"But I was also at a primary school which was 99% service children, so the teachers and the support staff really understood what it meant. 

"A lot of them had come from the military background as well so they really understood what it meant so we could really have those in-depth conversations to support our mental wellbeing." 

What advice does Lizzie have for teachers whose students are from the Armed Forces community? She said: "If you know that you've got military young people in your school, just reach out to them. 

"They don't necessarily want to be singled out but just knowing that someone's there that is aware of their situation can be such a positive thing so keep being proud of what your family members are doing."

Connected Forces

Older teenagers can also benefit from access to a community of like-minded people to provide a sense of belonging. 

SCiP has created 'Connected Forces', an online space for 16 to 19-year-olds from armed services families funded by the Armed Forces Covenant Fund Trust. 

The project's aim is to provide a sense of belonging for young people by giving them one year of access to a free, secure, online platform where teenagers can chat with others from Armed Forces families, get careers advice, develop skills, have their say and access bespoke resources. 

Listen: Tim Humphries speaks to SCiP Project Manager Rachel Lad and former services child Morgan McArthur.

Rachel Lad, 'Connected Forces' project manager, spoke to Tim Humphries, of BFBS the Forces Station, about how the online groups are helping to boost mental health and well-being among older teenagers in the armed forces community. 

She says there is already a positive reaction from the teenagers who have formed a strong community online, saying: "They want to talk to people who know about military issues, make friends from similar backgrounds. 

"[They] hope to gain possible opportunities they may have missed out on being an [Armed Forces] child and have that comfort and chance to see how other people are coping with being in a family with an Armed Forces background."

SCiP Alliance research has shown that older teenagers in the military community are more likely to sometimes feel isolated and are more aware of how their service child status could possibly have a negative impact on their lives. 

Military children are often dispersed across the country so might find themselves in an area where they do not know anyone else who comes from an armed forces background who they can chat to about what it is like to grow up in that environment. 

Morgan McArthur is a former service child who is now activities and development officer at Sheffield Student Union.

Children taking part in an RAF Youth & Stem Programme event in Scotland in 2017 (Picture: Crown Copyright | SAC Charlotte Hopkins).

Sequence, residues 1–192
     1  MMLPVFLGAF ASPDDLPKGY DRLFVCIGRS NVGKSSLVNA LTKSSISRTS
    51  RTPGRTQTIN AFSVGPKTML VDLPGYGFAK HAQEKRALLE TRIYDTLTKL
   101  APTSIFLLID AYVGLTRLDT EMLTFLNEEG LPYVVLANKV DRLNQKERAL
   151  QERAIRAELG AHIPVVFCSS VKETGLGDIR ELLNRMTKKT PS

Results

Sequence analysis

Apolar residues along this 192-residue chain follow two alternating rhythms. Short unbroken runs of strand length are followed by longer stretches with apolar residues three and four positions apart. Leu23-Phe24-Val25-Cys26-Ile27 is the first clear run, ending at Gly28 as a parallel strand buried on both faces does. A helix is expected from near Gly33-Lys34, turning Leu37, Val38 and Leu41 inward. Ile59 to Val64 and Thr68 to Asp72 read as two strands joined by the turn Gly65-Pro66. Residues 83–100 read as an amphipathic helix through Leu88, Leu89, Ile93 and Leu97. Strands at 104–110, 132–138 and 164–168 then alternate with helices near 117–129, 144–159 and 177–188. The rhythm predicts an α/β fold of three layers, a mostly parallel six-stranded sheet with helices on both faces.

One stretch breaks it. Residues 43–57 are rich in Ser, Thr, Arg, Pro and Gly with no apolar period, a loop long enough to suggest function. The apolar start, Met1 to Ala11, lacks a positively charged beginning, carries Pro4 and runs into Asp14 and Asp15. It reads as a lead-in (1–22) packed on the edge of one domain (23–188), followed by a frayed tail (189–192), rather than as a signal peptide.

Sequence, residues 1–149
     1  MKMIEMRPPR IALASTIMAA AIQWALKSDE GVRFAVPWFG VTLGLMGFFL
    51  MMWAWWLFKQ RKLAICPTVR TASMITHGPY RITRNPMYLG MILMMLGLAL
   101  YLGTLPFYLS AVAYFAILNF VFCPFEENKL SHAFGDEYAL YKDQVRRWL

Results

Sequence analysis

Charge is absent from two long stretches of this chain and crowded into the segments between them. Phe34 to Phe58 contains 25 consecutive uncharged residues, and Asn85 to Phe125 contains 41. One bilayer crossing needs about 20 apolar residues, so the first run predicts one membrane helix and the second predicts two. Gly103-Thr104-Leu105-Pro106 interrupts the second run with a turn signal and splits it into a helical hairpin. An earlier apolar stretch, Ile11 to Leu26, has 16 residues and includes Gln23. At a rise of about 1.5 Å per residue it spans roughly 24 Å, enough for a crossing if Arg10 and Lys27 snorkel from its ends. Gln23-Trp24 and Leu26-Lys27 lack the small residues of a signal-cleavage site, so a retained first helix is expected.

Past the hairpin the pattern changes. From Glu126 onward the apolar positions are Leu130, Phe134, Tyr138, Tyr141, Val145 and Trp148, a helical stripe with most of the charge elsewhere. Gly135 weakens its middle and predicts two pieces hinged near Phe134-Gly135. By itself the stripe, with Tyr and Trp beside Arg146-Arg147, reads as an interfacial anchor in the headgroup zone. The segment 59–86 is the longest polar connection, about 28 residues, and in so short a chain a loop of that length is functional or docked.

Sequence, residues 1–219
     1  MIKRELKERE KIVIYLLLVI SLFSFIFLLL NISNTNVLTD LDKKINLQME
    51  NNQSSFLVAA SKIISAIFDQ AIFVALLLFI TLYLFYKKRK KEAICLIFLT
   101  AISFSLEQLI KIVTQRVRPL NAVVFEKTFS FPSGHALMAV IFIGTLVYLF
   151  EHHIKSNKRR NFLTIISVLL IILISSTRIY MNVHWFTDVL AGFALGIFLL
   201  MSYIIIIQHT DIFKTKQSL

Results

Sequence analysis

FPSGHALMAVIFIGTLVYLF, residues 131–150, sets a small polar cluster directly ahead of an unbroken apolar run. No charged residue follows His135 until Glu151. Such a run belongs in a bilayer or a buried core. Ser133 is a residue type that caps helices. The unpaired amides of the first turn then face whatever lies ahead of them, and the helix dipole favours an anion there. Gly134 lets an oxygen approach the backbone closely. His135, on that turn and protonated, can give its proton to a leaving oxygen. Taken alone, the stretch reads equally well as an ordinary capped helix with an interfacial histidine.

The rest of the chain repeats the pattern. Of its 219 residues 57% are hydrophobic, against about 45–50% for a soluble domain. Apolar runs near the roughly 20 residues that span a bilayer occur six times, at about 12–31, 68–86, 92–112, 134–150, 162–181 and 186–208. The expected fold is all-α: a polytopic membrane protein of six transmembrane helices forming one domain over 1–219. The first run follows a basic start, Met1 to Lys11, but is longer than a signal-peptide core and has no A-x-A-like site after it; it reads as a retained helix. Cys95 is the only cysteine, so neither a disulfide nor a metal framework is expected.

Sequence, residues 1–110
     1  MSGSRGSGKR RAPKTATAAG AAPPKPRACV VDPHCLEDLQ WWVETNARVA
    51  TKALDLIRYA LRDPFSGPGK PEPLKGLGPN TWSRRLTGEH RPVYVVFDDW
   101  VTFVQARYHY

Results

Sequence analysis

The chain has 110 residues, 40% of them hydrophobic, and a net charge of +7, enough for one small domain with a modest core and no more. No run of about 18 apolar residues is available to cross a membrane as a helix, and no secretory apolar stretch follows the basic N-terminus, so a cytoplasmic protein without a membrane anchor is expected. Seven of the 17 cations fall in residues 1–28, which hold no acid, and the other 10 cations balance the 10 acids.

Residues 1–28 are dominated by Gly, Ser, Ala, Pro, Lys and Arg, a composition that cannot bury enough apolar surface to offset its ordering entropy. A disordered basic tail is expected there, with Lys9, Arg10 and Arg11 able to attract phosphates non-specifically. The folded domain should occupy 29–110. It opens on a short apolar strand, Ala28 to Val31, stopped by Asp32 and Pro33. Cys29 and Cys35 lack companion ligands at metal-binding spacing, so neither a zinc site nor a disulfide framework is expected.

Children taking part in an RAF Youth & Stem Programme event in Scotland in 2017 (Picture: Crown Copyright | SAC Charlotte Hopkins).

She says that having both of her parents as British Army officers shaped the adult she has become and that the age range the 'Connected Forces' project is trying to help "is a pivotal age in a young person's life for making so many key decisions about their futures". 

She goes on to say: "I really feel that having this project around when I was that age would have massively helped my mental health as well. 

"I had an undiagnosed learning difficulty until I reached university... and I didn't necessarily know if I was the only child who had parents who had been serving so without that community in place, it's continued to feel as if I've not known where to go for support." 

Morgan explains that one of the first times she realised her military childhood had helped her as an adult was when she went to university, saying: "I didn't struggle with the adaptability side of moving somewhere new, starting life somewhere fresh and independently with the confidence and drive to be able to try new activities. 

"It really came back to that sense of community and trying to manage my own mental health there as well." 

Her work with the SCiP Alliance has seen Morgan meet many other military children and discover that there is something a lot of them have in common, saying: "We're all such hard workers and I think there's a real joy in approaching life and education which I think every child should have the access to." 

"The resilience we see in service children as well and that adaptability to try new places and try new experiences is absolutely unmatched."

Cover Image: Children taking part in an RAF Youth & Stem Programme event in Scotland in 2017 (Picture: Crown Copyright |SAC Charlotte Hopkins).